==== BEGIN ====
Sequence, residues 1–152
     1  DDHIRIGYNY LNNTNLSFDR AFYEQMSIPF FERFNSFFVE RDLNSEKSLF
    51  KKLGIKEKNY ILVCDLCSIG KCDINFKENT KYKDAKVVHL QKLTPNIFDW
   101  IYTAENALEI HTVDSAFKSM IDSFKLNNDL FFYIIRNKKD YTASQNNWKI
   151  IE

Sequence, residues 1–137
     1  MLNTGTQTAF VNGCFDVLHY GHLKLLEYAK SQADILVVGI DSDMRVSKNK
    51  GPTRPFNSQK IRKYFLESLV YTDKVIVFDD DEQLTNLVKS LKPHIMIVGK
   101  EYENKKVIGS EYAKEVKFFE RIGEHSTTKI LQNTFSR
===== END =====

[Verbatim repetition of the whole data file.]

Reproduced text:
Sequence, residues 1–152
     1  DDHIRIGYNY LNNTNLSFDR AFYEQMSIPF FERFNSFFVE RDLNSEKSLF
    51  KKLGIKEKNY ILVCDLCSIG KCDINFKENT KYKDAKVVHL QKLTPNIFDW
   101  IYTAENALEI HTVDSAFKSM IDSFKLNNDL FFYIIRNKKD YTASQNNWKI
   151  IE

Sequence, residues 1–137
     1  MLNTGTQTAF VNGCFDVLHY GHLKLLEYAK SQADILVVGI DSDMRVSKNK
    51  GPTRPFNSQK IRKYFLESLV YTDKVIVFDD DEQLTNLVKS LKPHIMIVGK
   101  EYENKKVIGS EYAKEVKFFE RIGEHSTTKI LQNTFSR